Ben Dinh
This small, renovated section of the tunnel system (admission 70,000d) is near the village of Ben Dinh, 50km from HCMC. In one of the classrooms at the visitors centre, a large map shows the extent of the network; the area shown is in the northwestern corner of greater HCMC. The tunnels are marked in red, VC bases in light grey and the river in light blue (the Saigon River is at the top). Fortified villages held by South Vietnamese and US forces are marked in grey, while blue dots represent the American and South Vietnamese military posts that were supposed to ensure the security of nearby villages. The dark blue area in the centre is the base of the US 25th Infantry Division. Most prearranged tours do not take you to this former base, but it is not off limits and you can arrange a visit if you have your own guide and driver. To the right of the large map are two cross section diagrams of the tunnels. The bottom diagram is a reproduction of one used by General William Westmorland, the commander of US forces in Vietnam (1964-68). For once the Americans seemed to have had their intelligence information right (though the tunnels did not pass under rivers, nor did the guerrillas wear headgear underground). The section of the tunnel system presently open to visitors is a few hundred metres south of the visitors centre. It snakes up and down through various chambers along its 50m length. The tunnels are about 1.2m high and 80cm across, and are unlit. Some travellers find them too claustrophobic for comfort. A knocked-out M-41 tank and a bomb crater are near the exit, which is in a reforested eucalyptus grove. Be warned that this site tends to get crowded, and you can feel like you're on a tourist conveyor belt most days.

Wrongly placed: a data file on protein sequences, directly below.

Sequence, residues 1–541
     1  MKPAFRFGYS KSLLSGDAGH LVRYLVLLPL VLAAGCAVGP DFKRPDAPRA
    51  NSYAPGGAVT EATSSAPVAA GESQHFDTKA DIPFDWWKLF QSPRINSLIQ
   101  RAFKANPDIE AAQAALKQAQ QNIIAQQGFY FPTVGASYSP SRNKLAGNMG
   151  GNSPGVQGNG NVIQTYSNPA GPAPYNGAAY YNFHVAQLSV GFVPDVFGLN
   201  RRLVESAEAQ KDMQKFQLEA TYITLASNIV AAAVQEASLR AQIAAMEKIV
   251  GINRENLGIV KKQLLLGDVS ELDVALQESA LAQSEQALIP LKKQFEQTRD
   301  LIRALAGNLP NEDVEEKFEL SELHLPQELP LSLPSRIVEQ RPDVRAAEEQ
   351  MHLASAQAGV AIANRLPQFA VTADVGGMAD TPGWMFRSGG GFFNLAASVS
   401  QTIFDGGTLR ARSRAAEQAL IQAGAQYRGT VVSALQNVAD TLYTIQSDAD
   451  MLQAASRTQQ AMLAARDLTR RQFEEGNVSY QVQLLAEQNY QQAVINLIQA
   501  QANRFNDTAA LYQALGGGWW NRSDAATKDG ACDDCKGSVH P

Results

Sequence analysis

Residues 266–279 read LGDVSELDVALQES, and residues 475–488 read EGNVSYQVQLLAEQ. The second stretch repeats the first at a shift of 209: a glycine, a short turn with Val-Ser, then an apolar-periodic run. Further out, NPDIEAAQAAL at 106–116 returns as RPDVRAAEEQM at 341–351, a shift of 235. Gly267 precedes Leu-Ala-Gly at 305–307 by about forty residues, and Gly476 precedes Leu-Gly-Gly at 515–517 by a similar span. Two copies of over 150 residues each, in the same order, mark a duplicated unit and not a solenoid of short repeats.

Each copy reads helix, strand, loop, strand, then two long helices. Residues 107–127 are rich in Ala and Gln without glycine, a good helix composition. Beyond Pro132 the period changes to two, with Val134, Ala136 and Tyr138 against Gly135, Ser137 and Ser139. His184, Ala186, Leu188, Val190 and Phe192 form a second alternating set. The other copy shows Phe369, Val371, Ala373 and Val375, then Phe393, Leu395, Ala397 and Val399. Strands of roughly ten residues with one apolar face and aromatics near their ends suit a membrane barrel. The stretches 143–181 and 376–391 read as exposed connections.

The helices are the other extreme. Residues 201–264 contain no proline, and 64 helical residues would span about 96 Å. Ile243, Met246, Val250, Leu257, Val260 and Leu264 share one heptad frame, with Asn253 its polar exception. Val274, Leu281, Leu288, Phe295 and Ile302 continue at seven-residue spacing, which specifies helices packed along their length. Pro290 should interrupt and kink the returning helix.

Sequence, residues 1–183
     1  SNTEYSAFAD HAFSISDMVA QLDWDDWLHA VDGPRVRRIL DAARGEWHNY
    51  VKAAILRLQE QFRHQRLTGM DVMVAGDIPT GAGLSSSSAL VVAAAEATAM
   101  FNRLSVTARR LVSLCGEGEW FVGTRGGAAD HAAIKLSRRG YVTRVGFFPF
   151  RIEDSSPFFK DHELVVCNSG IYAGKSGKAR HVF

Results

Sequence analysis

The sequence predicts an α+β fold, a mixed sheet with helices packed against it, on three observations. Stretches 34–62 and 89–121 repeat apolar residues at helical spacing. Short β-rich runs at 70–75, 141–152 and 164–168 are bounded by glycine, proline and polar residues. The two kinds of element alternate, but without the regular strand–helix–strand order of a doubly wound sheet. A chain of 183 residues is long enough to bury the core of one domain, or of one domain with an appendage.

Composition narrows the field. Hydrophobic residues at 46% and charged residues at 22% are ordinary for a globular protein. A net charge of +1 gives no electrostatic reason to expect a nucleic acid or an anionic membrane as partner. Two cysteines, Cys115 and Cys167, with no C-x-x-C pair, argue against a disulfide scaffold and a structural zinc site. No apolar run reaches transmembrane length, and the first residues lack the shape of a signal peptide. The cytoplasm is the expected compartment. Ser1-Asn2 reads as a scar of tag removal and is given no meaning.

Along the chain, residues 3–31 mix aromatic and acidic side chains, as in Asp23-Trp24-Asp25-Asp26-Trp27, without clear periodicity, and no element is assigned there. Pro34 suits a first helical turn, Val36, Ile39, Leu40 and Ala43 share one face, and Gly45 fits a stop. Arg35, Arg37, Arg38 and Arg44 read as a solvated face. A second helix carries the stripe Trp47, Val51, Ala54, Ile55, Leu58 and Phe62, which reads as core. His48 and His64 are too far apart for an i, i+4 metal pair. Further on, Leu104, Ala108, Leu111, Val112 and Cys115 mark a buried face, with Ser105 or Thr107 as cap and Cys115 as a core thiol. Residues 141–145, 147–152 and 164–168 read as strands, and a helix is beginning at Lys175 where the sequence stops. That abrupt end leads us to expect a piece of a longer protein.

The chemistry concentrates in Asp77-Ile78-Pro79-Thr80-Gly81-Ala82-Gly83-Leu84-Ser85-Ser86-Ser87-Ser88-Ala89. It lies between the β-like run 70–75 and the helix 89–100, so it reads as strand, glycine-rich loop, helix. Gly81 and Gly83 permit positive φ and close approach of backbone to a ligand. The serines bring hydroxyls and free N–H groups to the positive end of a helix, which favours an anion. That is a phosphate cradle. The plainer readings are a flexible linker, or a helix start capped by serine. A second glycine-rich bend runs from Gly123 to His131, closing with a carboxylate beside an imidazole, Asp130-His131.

Ben Duoc
Many Vietnamese and the odd foreign visitor make it to the Ben Duoc tunnels (admission 70,000d). The tunnels here have been enlarged to ac-commodate tourists and feature a number of sights within the underground chambers themselves. The emphasis here is more on the fun fair rather than the history of the tunnels. Hence visitors can don guerrilla costumes and gear before scraping through the tunnels in order to feel like a 'real' VC soldier. Inside are bunkers, a hospital and a command centre that played a role in the 1968 Tet Offensive, and the set pieces include tables, chairs, beds, lights, and dummies outfitted in guerrilla gear (aside from your fellow tourists, that is). Although it's amusing, it's not exactly the way the real tunnels once looked - which were cramped and largely barren as per those found at Ben Dinh. Perhaps more moving than the underground chambers is the small Ben Duoc temple built in 1993 in memory of the Vietnamese killed at Cu Chi. It's flanked by a nine-story tower with a flower garden in front.